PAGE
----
A nose for diabetes

Luna becomes first four legged Camas Papermaker

Luna and Andrew Ziegler have been through a lot together in the past four months. The trained diabetes alert service black labrador retriever has become a lovable hero for this 16-year-old Camas High School sophomore. Buy this photo

Wherever Andrew Ziegler goes, Luna will be two steps behind while her nose stays two steps ahead.

“When I’m out with her, I’m never alone,” Ziegler said. “It’s like a missing part of me has been filled. I couldn’t imagine life without her.”

The 20-month-old trained diabetes alert service black labrador retriever from Pieces of the Universe follows the 16-year-old Camas High School sophomore to his classes and band practices. She also keeps a cautious eye on his blood sugar level while he sleeps.

Ziegler was diagnosed with Type 1 diabetes when he was 2 years old and has been on an insulin pump since he was 5. Constantly living in fear for her son’s life, Sharon would wake him up in the middle of the night to check his blood sugar. Now she can rest comfortably knowing that Luna is always on guard.

“For me as a mom, this has been a huge gift,” Sharon said. “I pretty much can trust Luna to come and get me. It’s the night time that can be the most dangerous.”

She added that service dogs are not only used by people with diabetes, but also those with autism, epilepsy and even cancer.

“Search out support from other families dealing with chronic illnesses, and think of options like Luna,” Sharon said. “When Andrew was diagnosed with this 14 years ago, we couldn’t imagine having such a gift.”

Luna has been going to school with Andrew since Jan. 13. CHS Principal Steve Marshall sent a letter to parents a week before Luna’s first day on campus.

“Luna has appeared to have adjusted to CHS and CHS has adjusted to Luna,” Marshall said. “I credit that smooth transition to nurse Joan Haugaard, who did a lot of research on how to successfully prepare for and accommodate service animals in school settings as well as to Andrew, who has shown a lot of responsibility in caring for Luna throughout the day.

“Of course, Luna deserves some credit, too,” he added. “She has been a neutral presence in the instructional environment. But she has been a positive addition to our campus; she is well-behaved in the halls and lunchroom and she is popular with students.”

Luna might get caught sleeping in Andrew’s classes, but her nose never stops working. She has been trained to detect low and high blood sugars since she was 6 weeks old.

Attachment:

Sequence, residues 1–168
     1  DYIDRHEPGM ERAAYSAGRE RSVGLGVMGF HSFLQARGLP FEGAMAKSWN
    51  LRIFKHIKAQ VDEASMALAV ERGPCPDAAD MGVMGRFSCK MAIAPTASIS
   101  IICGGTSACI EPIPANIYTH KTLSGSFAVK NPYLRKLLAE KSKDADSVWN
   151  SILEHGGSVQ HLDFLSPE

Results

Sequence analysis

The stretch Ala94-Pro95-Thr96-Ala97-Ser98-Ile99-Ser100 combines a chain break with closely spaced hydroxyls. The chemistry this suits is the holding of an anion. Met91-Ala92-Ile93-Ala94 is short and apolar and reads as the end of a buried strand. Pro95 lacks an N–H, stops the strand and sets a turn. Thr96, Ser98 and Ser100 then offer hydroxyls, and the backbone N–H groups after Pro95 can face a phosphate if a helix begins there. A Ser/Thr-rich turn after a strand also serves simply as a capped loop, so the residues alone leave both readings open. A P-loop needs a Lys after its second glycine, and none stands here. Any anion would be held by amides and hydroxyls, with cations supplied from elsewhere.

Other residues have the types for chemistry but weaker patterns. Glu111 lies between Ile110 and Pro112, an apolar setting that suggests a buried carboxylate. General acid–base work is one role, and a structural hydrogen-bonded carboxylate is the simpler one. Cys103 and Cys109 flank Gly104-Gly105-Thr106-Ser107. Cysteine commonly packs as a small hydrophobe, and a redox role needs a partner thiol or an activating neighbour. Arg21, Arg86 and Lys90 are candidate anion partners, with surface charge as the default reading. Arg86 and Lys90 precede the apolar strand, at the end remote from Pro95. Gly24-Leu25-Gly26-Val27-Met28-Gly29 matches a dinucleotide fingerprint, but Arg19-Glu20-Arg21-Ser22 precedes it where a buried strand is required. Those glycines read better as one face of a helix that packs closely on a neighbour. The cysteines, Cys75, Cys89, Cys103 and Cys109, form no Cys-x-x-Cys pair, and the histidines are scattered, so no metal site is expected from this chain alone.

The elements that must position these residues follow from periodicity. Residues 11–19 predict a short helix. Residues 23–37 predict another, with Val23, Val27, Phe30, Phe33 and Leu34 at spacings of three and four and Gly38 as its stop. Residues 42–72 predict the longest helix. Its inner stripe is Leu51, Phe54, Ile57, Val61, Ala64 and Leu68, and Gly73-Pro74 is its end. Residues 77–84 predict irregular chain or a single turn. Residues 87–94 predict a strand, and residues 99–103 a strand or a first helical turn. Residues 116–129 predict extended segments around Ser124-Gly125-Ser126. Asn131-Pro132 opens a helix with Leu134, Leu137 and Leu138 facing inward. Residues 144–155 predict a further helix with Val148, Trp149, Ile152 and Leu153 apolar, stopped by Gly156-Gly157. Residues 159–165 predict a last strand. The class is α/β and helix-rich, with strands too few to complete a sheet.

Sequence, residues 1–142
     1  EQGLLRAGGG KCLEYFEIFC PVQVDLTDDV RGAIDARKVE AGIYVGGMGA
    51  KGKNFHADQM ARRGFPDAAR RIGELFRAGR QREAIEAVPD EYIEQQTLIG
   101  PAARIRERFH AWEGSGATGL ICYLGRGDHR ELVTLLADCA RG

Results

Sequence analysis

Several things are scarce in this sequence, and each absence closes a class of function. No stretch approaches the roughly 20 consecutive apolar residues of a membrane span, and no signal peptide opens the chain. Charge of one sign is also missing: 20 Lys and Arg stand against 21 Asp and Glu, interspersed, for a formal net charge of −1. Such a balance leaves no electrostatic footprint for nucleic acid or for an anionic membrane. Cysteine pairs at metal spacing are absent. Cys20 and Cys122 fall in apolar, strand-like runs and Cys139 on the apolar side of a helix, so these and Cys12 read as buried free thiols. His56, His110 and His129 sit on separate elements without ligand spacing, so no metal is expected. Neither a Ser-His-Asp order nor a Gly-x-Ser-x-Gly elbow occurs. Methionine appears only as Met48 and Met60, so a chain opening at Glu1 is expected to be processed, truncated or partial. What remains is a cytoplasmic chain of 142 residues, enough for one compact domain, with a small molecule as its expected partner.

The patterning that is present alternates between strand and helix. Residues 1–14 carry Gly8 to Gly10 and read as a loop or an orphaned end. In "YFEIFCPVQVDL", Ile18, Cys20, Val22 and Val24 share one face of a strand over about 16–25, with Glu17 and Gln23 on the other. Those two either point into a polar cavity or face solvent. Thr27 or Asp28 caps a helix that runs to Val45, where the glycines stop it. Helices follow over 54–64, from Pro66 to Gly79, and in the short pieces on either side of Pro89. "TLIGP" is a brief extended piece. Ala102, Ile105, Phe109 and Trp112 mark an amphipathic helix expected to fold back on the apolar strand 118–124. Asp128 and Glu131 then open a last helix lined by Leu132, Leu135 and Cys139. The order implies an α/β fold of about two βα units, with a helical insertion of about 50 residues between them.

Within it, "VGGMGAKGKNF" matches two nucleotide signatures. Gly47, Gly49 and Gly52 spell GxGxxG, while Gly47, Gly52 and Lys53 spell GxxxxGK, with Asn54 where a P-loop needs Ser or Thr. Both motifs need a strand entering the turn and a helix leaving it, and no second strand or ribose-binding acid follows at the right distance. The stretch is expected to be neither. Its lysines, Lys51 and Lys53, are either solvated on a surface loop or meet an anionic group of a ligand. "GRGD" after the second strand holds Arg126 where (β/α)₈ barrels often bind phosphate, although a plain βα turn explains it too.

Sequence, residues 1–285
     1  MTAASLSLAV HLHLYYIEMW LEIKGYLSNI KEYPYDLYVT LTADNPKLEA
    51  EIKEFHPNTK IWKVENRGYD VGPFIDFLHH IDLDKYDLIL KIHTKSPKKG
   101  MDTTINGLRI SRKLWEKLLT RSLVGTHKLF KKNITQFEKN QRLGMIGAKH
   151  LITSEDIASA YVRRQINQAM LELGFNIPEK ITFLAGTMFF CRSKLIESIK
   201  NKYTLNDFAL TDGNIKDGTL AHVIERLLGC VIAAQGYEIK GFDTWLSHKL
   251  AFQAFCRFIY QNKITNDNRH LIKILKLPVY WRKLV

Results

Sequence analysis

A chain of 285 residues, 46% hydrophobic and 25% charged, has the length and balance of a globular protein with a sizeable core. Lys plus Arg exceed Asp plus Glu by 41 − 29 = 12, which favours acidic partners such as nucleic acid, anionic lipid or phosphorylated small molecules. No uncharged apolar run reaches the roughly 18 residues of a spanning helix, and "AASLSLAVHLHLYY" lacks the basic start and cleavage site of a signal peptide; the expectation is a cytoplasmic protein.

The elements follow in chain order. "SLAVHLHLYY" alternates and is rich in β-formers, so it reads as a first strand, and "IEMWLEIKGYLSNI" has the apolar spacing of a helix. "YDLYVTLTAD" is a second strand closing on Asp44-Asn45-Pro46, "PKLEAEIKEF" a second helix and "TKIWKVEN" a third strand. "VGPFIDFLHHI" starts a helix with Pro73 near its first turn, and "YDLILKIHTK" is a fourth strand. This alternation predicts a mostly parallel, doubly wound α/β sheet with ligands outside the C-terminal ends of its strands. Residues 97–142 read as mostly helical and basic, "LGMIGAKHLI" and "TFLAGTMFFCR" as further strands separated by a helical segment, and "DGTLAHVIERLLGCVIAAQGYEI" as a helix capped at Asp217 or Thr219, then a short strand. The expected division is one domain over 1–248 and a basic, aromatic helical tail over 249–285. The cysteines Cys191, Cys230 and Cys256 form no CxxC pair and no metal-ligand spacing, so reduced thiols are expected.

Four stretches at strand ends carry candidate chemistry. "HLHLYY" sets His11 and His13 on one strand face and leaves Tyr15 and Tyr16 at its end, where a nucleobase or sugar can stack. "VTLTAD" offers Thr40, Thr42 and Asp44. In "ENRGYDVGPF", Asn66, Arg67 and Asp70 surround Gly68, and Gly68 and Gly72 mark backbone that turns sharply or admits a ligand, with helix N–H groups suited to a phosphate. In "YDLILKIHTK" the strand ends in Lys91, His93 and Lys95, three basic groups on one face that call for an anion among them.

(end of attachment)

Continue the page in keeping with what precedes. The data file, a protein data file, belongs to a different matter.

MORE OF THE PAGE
“She can smell the metabolic change in my blood,” Andrew said. “If it gets too low or too high, she alerts me.”

Luna can also pick up on changes in Andrew’s behavior. She’ll tug on his leg and keep on him until his blood sugar gets back to normal.

The Zieglers continue to train Luna every day. Sharon demonstrates by placing samples of low or high sugar into in three separate boxes. Luna finds the one with high blood sugar, rings a bell with her paw and gets a treat.

If Andrew’s blood sugar is low, he squeezes a juice box, pops in a glucose tablet or munches on an energy bar. If it’s too high, he needs more insulin.

“I have to watch how much sugar I eat. It’s added difficulty, but has just become a regular part of my life,” Andy said. “Some people live their life around diabetes. I want to live and have diabetes just be a part of my life.”

Andrew remains active. He loves to hike, camp and play tennis. He is also member of the drumline on the CHS marching band.

This is why the Zieglers are thankful for Luna. They heard about service dogs while living in Scotland. When they moved to Camas in August, they researched and found Pieces of the Universe in Gaston, Ore.

Andy applied for a dog in November. Luna became available 10 days later, before the family could afford the $15,000 required for her. Convinced this was a gift from God, Sharon and Geordie agreed to pay monthly installments to keep Luna.

To help offset the cost, the Zieglers are organizing fundraisers in coordination with nearby businesses. So far, the family has raised $2,378 of its $15,000 goal.

Andrew and Luna met for the first time Nov. 21 at a restaurant south of Portland. The first thing she did was alert her new owner that he had high blood sugar.

“She was underneath the table. I kneeled by her and she immediately altered me,” Andrew said. “I couldn’t believe she already knew what to do. She catches me way before I can feel it.”

At that very moment, Sharon knew she had made the right decision for her son.

“I have a new level of hope for Andrew and his future knowing Luna will never leave his side,” Sharon said. “She’s always working, but at home she’s just a part of the family.”